Meet Jackson: The New Freshmen Yell Leader 

Jackson+holds+his+pom+poms+high+in+the+air+at+the+homecoming+game+Sept.+10.+

Taylor Schwegman

Jackson holds his pom poms high in the air at the homecoming game Sept. 10.

By Ashley Palacios, The Colony High School

His smile is from ear to ear as he jumps up and down. He cheers on his brother proudly from the stands. 

Wyndi Geren notices her son’s cheers and so do others. Jackson jumps up and down. All he wants to do is keep cheering. She works to make that happen. 

Now, at pep rallies and freshman football games students, faculty and community members can see Jackson cheering with gold shiny pom poms waving through the air. This is his happy place.

Jackson Geren is the first student with Down Syndrome to be Freshman Yell Leader on campus, a position on the cheer team. 

Wyndi says he’s always loved cheering whether in a group or with family at a game.

“Ever since he was in elementary school we would go to football games and he would stand by the cheerleaders on the stands and he would mimic and do cheers with them,” Wyndi said. “His older brother used to play football and Jackson loved going to the games and cheering for his brother.”

Jackson holds his pom poms high in the air at the homecoming game Sept. 10. (Taylor Schwegman)

… 

Wyndi, noticing her son’s love for cheer, inquired about cheer while Jackson was in seventh grade, with the help of Misty Graham, Jackson’s middle school Academic and Vocational Life Skills (AVLS) teacher. 

“I just helped her make the connection with our cheer sponsor,” said Graham. “Jackson is a natural performer, acting, dancing, singing or cheering, he does it all.” 

 Yanilsa Griffin was his cheer coach at Lakeview. She was excited to allow Jackson to be a part of her team, and she was amazed by the support the other cheerleaders gave Jackson.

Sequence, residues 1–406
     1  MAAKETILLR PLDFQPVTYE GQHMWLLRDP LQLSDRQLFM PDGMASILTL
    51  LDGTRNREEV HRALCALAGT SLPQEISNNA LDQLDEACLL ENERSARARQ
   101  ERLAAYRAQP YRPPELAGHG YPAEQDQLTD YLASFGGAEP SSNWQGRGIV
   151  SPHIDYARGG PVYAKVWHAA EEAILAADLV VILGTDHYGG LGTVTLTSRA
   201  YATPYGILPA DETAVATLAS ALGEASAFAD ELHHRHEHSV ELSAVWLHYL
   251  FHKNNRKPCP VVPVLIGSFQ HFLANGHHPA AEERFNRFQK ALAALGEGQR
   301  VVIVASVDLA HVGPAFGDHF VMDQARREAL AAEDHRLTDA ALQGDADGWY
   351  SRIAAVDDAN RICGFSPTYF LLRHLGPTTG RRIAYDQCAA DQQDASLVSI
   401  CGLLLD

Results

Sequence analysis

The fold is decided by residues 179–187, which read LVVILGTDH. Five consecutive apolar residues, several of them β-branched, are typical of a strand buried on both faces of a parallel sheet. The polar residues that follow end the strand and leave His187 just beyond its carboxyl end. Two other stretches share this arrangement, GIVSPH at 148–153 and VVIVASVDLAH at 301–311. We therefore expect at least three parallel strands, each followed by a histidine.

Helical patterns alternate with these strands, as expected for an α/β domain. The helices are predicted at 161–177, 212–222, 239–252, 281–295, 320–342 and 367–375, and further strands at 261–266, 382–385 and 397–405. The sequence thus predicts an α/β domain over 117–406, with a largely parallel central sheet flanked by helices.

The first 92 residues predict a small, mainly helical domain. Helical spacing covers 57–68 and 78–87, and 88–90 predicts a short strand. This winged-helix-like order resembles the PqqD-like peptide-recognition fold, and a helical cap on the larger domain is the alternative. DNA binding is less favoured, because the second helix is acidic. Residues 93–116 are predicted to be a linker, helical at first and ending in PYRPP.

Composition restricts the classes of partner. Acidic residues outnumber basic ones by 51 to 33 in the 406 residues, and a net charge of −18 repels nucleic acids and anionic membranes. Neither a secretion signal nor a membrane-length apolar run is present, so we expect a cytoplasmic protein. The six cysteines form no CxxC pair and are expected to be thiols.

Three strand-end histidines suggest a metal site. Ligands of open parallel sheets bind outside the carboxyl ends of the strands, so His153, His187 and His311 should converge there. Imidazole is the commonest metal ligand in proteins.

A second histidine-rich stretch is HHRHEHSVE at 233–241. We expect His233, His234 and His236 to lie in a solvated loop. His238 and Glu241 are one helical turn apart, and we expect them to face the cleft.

Jackson cheering for his middle school Lakeview Middle School (Wyndi Geren)

“My cheerleaders at the time were just the sweetest I have had in a while. They were so patient with him, and so supportive,” Griffin said. “They would tell him when to jump, to grab his poms, when to sit down.The school, as a whole, would rejoice when they saw him in his uniform. He is just so full of life, and he would come alive when he had his poms and uniform on.”

Jackson has also been diagnosed with hearing impairment, so he uses American Sign Language (ASL) to communicate with his team. 

“[The team] even took it upon themselves to ask Rachael Wright, his caregiver, to teach them some signs that would be helpful during the games and practice,” Griffin said. “So, they learned them and we would all sign to him. I hope that my squad took away the importance of everyone feeling like they belong and that we should do our part to be inclusive, regardless of ability, color, gender or background.”

Jackson cheers at the freshmen football game Thursday, Sept. 23. (Haylei Anglin)

Graham smiles as she remembers how much Jackson loved to perform in middle school. 

“So many moments stand out, but the biggest moment that stands out was a visit to TCHS to watch a sensory friendly Shrek performance and at the end the cast was signing in the cafeteria, so Jackson took it upon himself to join in and steal the spotlight,” she said. “It was one of my favorite moments watching him dance, sing and perform.”

Wyndi hoped that cheering wouldn’t have to end when Jackson left middle school. She knew how much it meant to him, and to herself -to see her son shine. She contacted Jackson’s AVLS teacher, Jennifer Shaw, to see if he could keep cheering. Shaw reached out to cheer coach Heather Jones, and he was able to join as freshman yell leader. 

“Jones said they would love to have him on the team,” Shaw said. “I think it’s positive not only for Jackson, but also for the general ed students. So they can learn about disabilities, and to normalize- so people can see that our life skill students are people, too, who want to be included and involved just like everyone else.”

Jones is excited to have Jackson as the Freshmen Yell Leader. 

“We love having him on the team,” Jones said. “He’s really good about having school spirit. He’s always really excited to be wherever we are and it’s really good for the girls, they always look forward to having him around and helping him out.”

Jackson cheers at the second pep rally of this year, Friday Sept. 24. (Alondra Navarro )

Carrisa Rowland is a current freshmen cheerleader, and she also cheered with Jackson at Lakeview. She loves cheering alongside him.

“He does really well, we’ll be stretching and he’ll follow along and we’ll be doing cheers and he always hits the emotions,” Rowland said. “Having him on our team shows more diversity of our school and makes people feel more accepted for who they are.”

Shaw signs to Jackson if he loves cheer.

He smiles. He says and signs yes. Yes. 

This story was originally published on The Paw Print on October 4, 2021.